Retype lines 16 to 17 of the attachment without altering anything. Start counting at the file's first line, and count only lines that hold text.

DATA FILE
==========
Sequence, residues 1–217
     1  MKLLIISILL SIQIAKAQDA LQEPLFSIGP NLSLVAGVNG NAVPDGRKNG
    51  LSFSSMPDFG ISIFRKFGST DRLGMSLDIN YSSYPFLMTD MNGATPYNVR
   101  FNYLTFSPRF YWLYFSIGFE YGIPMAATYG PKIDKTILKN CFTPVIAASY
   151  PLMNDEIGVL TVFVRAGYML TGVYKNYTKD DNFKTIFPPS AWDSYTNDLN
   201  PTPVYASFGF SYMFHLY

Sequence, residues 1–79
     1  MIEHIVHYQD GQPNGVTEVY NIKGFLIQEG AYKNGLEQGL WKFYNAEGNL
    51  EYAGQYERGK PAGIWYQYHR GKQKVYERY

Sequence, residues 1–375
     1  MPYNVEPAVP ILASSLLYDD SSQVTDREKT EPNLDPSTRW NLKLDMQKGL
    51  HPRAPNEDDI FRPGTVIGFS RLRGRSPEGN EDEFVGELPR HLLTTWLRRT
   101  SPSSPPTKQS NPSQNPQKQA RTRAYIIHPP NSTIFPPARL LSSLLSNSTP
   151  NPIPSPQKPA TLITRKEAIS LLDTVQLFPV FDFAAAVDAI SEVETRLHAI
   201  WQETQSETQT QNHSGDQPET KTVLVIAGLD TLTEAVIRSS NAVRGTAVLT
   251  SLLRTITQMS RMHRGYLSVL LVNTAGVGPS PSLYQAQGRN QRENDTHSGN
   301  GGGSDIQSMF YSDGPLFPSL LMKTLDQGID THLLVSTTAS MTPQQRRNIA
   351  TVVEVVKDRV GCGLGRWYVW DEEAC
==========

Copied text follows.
   251  SLLRTITQMS RMHRGYLSVL LVNTAGVGPS PSLYQAQGRN QRENDTHSGN
   301  GGGSDIQSMF YSDGPLFPSL LMKTLDQGID THLLVSTTAS MTPQQRRNIA